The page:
Contact the Chef

To set up a consultation with Chef Katrina:

Call: 650-269-3843


About the Chef's Reference Library

This is a small selection of the resources Chef Katrina has collected over the years.  Convenient links are provided to Amazon so you can learn more about the recommended books.

We will update these resources as needed. If you want to recommend a book or website to Chef Katrina, email her at

The Chef’s Resource Library

Nutrients and Label-reading

Nutrient-dense foods:  these are any foods that have a high nutrient/calorie ratio. These are the foods that contain the largest amount of nutrients with the least amount of calorie; such as fresh seasonal fruits and vegetables, legumes, and whole grains.

Trans fat: according to the FDA 0g doesn’t mean NONE, or 0 grams. It means less than ½ gram of trans fat per serving. To make sure the food contains NO trans fat, you must still read the ingredients list. Look for the words “shortening,” “vegetable shortening,” “partially hydrogenated oil,” or “partially hydrogenated vegetable shortening.”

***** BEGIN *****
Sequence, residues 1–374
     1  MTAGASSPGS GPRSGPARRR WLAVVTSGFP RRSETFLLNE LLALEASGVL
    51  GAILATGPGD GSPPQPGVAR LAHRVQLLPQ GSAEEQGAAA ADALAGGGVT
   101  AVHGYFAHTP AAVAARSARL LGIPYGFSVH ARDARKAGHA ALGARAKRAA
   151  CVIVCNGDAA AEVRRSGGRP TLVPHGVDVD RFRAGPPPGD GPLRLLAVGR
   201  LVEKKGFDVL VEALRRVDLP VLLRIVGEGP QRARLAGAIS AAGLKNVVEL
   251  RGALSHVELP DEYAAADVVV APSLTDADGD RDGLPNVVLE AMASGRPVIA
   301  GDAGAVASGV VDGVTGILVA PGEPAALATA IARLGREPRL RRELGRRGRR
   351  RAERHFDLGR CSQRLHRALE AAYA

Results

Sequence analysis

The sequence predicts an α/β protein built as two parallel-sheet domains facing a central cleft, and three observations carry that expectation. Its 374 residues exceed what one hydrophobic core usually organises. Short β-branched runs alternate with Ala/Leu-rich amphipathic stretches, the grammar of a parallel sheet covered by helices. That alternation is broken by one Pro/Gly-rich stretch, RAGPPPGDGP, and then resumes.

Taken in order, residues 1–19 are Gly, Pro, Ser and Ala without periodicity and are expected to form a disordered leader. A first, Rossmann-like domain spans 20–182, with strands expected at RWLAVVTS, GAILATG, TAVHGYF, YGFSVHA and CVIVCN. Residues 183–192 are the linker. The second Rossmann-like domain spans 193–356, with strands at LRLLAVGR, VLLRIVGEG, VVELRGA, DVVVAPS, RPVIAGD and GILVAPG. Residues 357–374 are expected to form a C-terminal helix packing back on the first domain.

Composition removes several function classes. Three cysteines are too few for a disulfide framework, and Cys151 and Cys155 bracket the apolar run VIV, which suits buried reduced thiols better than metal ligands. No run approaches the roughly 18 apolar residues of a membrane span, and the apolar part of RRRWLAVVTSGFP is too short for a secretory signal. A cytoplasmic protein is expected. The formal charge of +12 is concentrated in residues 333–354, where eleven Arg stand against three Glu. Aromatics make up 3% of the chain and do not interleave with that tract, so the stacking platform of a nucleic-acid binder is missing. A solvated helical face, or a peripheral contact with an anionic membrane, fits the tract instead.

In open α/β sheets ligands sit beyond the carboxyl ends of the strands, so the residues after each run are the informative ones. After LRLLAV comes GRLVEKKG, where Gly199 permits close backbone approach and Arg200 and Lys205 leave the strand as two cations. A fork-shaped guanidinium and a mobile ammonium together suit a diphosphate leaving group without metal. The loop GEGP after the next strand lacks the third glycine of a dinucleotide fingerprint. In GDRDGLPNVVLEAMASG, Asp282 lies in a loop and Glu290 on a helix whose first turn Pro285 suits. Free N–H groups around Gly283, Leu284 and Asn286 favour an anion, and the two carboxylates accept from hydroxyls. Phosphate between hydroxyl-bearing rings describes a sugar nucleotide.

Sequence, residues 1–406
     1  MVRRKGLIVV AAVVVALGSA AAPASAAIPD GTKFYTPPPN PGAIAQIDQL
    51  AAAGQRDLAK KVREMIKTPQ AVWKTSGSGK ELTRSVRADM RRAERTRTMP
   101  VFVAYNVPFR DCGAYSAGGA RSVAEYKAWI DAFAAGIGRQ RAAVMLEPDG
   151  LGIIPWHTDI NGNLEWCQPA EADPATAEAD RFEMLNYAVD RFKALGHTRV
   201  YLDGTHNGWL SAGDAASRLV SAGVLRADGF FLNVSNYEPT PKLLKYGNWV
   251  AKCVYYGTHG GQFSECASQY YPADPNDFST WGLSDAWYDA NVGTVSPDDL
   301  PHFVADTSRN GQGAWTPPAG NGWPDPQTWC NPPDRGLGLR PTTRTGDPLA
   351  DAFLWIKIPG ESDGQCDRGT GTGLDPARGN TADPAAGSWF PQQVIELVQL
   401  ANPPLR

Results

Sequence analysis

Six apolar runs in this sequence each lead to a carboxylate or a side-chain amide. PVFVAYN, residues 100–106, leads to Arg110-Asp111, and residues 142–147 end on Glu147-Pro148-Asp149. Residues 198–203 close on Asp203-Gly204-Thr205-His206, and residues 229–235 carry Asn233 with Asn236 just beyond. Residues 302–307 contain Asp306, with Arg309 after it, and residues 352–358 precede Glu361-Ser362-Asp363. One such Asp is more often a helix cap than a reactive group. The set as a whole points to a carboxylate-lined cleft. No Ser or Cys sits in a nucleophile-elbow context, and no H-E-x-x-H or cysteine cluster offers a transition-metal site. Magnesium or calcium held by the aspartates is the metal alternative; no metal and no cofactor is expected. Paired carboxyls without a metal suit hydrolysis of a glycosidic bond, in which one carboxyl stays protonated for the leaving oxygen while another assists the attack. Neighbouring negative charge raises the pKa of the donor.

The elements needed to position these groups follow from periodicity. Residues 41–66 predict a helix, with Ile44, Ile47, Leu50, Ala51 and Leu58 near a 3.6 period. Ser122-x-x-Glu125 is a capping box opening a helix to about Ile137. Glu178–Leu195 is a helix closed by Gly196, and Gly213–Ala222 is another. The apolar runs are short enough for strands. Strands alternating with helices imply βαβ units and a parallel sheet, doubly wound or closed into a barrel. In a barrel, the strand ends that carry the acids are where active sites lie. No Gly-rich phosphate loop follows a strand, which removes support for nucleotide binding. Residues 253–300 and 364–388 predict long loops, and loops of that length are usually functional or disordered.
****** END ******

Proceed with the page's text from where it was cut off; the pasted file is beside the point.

Whole Grains: to be a whole grain food, the item it must consist of the entire grain seed normally called the kernel. The kernel is composed of the bran, the germ, and the endosperm. On the list of ingredients the word “whole” or “whole grain” must appear before the grain ingredient’s name. The whole grain must be the first ingredient listed to qualify as a whole grain food source.

Whole grain diagram, public domain image from USGov-USDA.A list of whole grains:

  • Amaranth
  • Barley
  • Buckwheat
  • Corn (including whole cornmeal & popcorn)
  • Millet
  • Oats (including oatmeal)
  • Quinoa
  • Rice (both brown rice and colored rice)
  • Rye
  • Sorghum (also called milo)
  • Teff
  • Tricale
  • Wheat (including varieties such as spelt, emmer, faro, einkorn, Kamut, durum and forms such as bulgur, cracked wheat and wheat berries)
  • Wild rice